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Bodyguard: The show’s ‘bold’ twists are keeping viewers guessing

Bodyguard: The show's 'bold' twists are keeping viewers guessing

There are unanswered questions about Richard Madden’s character David Warning: This contains a lot of spoilers! Seven million people tuned in to the fourth episode of BBC One’s drama Bodyguard on Sunday – and the political thriller has left viewers guessing about what’s really going on in a way that hasn’t been the case with many recent shows. In Sunday’s episode, DS David Budd (played by Richard Madden) tried to deal with the aftermath of a bomb during a speech by Home Secretary Julia Montague (Keeley Hawes). And one major plot twist, in particular, has generated conspiracy theories.

The show revolved around Madden’s and Hawes’ characters – but on Sunday, viewers were told Hawes’ home secretary was killed in the bomb. The show’s creator Jed Mercurio – who was also responsible for Line of Duty – told Radio Times viewers would never see her death coming. “I like to try to do things that move the story on,” he said. “With Bodyguard I wanted to have this event mid-series that would completely alter the dynamic.” Growing up, he struggled to believe in TV drama because he knew the central characters wouldn’t die, he said. “I remember watching TV as a kid and, whenever there was some sort of jeopardy involving the hero, I could reassure myself that they were what I’d call a ‘can’t-die’ character, so everything would be OK.” Hawes herself thanked fans for their reactions on Twitter. Breaking the TV rules It’s highly unusual for a drama to kill off one of the central characters halfway through. “It’s a real shock because the whole show, the whole advertising, the whole talk about this entire drama has been the dynamic between her and the bodyguard,” Buzzfeed TV editor Scott Bryan told BBC Radio 5 Live. “And then, in episode three – not a pivotal episode in a normal run of things – to kill off your main character is a bold, bold move.” Sarah Hughes from The Guardian said echoed those thoughts, writing: “The death of Home Secretary Julia Montague at the drama’s half-way point was a bold move, but I’d argue, despite the hole it now leaves, a brilliant one.” We know from Line of Duty that Mercurio is the master of the plot twist – Hawes was in series two and three before being bumped off in that too. It’s unusual for shows to unexpectedly kill off a major character – although it happens, like with Lisa Faulkner in the second episode of Spooks, or Sean Bean’s Ned Stark in the first season of Game of Thrones. But it’s even more bold when a show centres so closely around two people. Was Montague’s death fake news?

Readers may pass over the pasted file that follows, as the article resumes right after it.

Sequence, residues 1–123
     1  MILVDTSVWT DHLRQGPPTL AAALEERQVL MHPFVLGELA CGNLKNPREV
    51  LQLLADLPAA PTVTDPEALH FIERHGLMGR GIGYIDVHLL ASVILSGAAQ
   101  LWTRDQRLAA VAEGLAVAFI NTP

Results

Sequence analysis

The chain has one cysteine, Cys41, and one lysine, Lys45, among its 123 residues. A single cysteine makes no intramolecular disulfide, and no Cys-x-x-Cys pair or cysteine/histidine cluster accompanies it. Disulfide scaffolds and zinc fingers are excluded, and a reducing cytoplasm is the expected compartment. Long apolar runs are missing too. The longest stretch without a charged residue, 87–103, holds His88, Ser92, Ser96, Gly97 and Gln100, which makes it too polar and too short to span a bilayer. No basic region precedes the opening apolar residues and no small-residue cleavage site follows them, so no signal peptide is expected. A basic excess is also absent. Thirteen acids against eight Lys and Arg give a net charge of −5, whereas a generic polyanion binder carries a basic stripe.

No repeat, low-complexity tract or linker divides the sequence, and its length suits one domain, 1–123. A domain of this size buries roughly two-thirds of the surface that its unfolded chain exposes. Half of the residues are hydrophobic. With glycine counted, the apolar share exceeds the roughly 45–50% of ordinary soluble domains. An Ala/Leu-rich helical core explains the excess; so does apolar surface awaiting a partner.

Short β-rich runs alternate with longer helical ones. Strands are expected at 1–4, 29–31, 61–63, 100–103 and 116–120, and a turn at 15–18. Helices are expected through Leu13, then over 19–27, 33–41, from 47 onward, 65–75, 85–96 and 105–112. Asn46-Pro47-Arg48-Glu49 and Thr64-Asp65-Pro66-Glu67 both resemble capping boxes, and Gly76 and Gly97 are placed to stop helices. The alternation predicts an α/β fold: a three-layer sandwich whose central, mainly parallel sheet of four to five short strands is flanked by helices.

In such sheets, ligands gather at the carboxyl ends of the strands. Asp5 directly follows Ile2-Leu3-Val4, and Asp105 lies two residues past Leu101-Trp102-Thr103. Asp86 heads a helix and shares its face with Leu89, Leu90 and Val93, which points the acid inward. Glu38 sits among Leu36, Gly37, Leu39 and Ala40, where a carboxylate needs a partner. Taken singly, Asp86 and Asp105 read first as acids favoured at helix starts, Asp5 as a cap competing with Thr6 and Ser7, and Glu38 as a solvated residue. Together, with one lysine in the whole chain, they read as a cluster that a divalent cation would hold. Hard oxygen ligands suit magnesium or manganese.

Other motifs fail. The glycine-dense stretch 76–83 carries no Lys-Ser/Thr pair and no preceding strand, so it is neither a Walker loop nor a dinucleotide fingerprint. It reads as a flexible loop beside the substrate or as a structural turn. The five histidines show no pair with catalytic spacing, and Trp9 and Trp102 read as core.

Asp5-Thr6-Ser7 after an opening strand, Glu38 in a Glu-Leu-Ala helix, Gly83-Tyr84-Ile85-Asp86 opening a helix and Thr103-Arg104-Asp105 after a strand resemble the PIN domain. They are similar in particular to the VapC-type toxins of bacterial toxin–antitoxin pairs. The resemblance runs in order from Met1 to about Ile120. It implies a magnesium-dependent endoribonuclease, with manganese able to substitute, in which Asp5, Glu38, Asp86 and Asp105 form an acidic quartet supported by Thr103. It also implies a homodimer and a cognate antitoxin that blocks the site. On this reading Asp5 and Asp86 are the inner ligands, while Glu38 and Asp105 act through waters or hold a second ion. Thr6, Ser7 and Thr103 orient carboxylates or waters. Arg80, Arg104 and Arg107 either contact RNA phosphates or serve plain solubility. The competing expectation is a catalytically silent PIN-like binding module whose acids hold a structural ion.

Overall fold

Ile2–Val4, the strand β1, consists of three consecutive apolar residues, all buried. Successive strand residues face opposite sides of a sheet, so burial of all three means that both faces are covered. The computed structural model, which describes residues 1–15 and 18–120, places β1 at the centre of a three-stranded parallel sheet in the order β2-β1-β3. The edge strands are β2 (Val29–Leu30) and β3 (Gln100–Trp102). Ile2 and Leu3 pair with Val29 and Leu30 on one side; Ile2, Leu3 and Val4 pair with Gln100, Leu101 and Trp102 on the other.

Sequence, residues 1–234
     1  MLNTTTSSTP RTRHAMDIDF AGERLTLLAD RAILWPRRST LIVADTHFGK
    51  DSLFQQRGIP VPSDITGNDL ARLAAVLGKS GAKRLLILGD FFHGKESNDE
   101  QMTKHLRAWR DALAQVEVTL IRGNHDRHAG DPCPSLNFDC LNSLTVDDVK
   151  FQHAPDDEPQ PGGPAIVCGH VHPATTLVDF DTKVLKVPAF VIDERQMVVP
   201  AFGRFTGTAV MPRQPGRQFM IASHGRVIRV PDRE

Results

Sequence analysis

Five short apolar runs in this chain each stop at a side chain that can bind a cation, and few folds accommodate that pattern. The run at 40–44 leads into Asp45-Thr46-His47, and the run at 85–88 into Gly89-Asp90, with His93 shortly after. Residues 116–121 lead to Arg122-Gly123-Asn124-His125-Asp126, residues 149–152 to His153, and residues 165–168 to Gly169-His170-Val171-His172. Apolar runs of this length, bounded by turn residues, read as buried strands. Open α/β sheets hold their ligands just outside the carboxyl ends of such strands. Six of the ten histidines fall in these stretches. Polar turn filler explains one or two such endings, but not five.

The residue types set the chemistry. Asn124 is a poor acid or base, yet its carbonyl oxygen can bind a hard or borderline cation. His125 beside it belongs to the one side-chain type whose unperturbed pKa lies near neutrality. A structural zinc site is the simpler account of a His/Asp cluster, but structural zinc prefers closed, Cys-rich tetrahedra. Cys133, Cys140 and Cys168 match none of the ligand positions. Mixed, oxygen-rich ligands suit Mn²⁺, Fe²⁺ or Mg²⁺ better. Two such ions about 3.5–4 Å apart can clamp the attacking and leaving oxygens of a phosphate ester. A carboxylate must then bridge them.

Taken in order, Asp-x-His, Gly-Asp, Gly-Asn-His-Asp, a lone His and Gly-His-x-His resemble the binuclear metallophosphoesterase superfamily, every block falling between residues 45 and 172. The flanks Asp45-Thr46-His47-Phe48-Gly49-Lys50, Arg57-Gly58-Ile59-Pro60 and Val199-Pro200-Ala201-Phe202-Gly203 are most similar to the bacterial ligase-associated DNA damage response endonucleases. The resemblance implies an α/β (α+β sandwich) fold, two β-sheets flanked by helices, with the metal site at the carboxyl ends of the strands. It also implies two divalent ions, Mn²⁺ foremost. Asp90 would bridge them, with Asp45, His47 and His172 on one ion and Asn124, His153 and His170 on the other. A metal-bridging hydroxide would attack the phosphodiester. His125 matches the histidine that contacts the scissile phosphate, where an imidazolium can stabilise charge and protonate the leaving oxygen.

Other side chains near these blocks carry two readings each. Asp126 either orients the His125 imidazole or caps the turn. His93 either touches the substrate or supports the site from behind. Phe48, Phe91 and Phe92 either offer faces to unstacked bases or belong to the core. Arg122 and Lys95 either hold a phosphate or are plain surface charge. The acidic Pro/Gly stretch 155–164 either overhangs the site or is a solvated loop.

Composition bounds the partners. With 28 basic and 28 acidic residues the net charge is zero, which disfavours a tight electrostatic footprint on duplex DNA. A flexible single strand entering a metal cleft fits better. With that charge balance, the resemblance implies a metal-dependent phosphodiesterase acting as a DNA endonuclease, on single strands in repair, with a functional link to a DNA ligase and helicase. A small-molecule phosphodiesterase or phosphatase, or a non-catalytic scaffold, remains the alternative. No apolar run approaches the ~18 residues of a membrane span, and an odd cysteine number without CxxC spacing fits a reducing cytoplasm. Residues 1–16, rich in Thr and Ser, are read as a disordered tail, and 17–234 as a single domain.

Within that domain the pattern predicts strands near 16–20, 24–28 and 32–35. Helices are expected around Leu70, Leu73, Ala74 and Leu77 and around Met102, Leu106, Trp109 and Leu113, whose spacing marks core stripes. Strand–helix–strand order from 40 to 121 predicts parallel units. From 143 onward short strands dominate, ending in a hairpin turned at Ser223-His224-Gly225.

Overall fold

Mercurio said: “He’s the genuine article, a real leading man. And I think this role has put him very much in the spotlight for bigger things.” Talks with the BBC about a second series are unlikely to happen until the first season has finished. “You have to wait until the end because anything can happen,” Mercurio said. “Some shows do nosedive at the end, or some piece of content could become incredibly controversial and affect the way the show is seen. In the end, you have to accept that the broadcaster holds all the cards.”

 

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Emma Jones is an entertainment journalist for UKCelebrityNews and other magazines. The author or coauthor of ten books, Emma has sold several million copies since 2006. She worked for eleven years as a writer and editor at the national news biweekly WORLD magazine.

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